Comment by Jim Wiegand on September 7, 2014 at 12:32pm

The reality is these are terrible people and they lie about everything. Just like a used car salesman once told me................"Tell them anything to make the deal. You have to make the deal."


Maine as Third World Country:

CMP Transmission Rate Skyrockets 19.6% Due to Wind Power


Click here to read how the Maine ratepayer has been sold down the river by the Angus King cabal.

Maine Center For Public Interest Reporting – Three Part Series: A CRITICAL LOOK AT MAINE’S WIND ACT


(excerpts) From Part 1 – On Maine’s Wind Law “Once the committee passed the wind energy bill on to the full House and Senate, lawmakers there didn’t even debate it. They passed it unanimously and with no discussion. House Majority Leader Hannah Pingree, a Democrat from North Haven, says legislators probably didn’t know how many turbines would be constructed in Maine if the law’s goals were met." . – Maine Center for Public Interest Reporting, August 2010 Part 2 – On Wind and Oil Yet using wind energy doesn’t lower dependence on imported foreign oil. That’s because the majority of imported oil in Maine is used for heating and transportation. And switching our dependence from foreign oil to Maine-produced electricity isn’t likely to happen very soon, says Bartlett. “Right now, people can’t switch to electric cars and heating – if they did, we’d be in trouble.” So was one of the fundamental premises of the task force false, or at least misleading?" Part 3 – On Wind-Required New Transmission Lines Finally, the building of enormous, high-voltage transmission lines that the regional electricity system operator says are required to move substantial amounts of wind power to markets south of Maine was never even discussed by the task force – an omission that Mills said will come to haunt the state.“If you try to put 2,500 or 3,000 megawatts in northern or eastern Maine – oh, my god, try to build the transmission!” said Mills. “It’s not just the towers, it’s the lines – that’s when I begin to think that the goal is a little farfetched.”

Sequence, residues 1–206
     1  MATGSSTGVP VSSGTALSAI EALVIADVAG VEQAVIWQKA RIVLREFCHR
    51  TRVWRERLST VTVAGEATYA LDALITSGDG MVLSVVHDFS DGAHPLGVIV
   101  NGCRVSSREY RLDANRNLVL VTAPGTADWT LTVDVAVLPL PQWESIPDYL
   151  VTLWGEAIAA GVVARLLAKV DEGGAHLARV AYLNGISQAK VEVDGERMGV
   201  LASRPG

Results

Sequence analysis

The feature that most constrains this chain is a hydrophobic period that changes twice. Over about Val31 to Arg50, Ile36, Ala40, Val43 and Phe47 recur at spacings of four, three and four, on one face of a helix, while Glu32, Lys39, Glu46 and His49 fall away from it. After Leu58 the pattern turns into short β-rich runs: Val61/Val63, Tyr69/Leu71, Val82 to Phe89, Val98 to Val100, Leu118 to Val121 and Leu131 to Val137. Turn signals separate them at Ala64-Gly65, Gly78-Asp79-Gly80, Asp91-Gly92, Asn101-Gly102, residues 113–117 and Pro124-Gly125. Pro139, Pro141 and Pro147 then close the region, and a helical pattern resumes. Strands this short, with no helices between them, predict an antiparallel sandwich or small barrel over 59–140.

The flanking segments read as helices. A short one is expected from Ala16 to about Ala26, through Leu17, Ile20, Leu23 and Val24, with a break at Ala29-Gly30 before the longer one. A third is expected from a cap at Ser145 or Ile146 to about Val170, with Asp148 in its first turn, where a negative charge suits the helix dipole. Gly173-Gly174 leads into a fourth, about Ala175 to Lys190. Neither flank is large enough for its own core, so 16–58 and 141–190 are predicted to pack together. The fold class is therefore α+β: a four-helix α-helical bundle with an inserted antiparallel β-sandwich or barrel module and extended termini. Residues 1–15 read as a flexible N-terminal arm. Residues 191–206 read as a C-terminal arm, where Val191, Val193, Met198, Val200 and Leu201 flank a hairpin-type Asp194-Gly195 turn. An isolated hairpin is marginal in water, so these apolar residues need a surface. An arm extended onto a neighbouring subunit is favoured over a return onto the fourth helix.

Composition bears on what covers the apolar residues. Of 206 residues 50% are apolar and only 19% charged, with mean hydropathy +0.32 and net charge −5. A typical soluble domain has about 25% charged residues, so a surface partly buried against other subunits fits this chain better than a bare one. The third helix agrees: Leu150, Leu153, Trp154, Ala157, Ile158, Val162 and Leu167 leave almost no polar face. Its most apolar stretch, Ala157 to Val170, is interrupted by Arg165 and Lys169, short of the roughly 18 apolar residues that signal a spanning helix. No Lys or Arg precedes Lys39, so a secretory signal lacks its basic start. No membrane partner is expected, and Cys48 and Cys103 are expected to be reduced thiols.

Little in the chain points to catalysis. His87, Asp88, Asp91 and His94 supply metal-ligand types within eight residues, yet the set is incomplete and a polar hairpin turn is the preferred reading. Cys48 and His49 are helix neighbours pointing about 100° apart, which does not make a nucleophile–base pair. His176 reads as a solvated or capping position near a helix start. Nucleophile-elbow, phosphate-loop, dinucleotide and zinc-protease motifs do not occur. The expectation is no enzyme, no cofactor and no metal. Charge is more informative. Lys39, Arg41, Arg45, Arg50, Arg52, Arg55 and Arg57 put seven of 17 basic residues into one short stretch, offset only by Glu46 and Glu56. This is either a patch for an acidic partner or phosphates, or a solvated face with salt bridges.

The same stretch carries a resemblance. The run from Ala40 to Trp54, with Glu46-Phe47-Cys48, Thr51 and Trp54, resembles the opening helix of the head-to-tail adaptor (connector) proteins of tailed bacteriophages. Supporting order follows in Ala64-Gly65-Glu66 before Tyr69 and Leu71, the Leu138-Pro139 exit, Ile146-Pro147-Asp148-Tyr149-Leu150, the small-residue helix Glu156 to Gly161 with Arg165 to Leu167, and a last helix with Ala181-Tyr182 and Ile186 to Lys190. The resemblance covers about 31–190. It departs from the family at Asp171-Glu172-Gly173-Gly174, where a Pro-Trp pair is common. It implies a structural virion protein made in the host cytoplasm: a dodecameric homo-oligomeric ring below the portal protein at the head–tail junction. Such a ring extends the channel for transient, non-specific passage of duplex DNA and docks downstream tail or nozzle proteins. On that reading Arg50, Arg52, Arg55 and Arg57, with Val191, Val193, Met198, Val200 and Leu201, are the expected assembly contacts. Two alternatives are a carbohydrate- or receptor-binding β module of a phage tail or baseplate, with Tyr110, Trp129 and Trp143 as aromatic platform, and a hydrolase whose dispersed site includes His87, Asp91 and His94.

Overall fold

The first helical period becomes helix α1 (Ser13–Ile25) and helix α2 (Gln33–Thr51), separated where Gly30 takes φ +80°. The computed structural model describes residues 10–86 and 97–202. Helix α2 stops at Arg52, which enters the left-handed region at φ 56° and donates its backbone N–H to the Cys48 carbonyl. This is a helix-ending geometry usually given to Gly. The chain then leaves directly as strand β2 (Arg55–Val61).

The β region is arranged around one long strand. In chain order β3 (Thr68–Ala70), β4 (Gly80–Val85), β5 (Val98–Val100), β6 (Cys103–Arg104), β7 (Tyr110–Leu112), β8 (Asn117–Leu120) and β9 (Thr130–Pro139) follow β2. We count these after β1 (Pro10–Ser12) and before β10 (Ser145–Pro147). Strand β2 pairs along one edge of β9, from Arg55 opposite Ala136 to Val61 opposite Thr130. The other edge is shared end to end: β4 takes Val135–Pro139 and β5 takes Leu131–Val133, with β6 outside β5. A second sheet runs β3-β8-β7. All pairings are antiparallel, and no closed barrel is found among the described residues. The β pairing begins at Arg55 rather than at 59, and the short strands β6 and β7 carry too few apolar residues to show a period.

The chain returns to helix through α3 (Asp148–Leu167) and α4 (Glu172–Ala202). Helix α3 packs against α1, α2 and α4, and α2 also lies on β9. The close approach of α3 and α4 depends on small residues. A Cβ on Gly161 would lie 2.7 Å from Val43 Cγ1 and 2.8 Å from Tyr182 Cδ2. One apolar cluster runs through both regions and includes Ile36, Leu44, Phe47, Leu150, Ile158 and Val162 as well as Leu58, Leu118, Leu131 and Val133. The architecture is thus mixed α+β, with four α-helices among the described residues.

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Hannah Pingree on the Maine expedited wind law

Hannah Pingree - Director of Maine's Office of Innovation and the Future

"Once the committee passed the wind energy bill on to the full House and Senate, lawmakers there didn’t even debate it. They passed it unanimously and with no discussion. House Majority Leader Hannah Pingree, a Democrat from North Haven, says legislators probably didn’t know how many turbines would be constructed in Maine."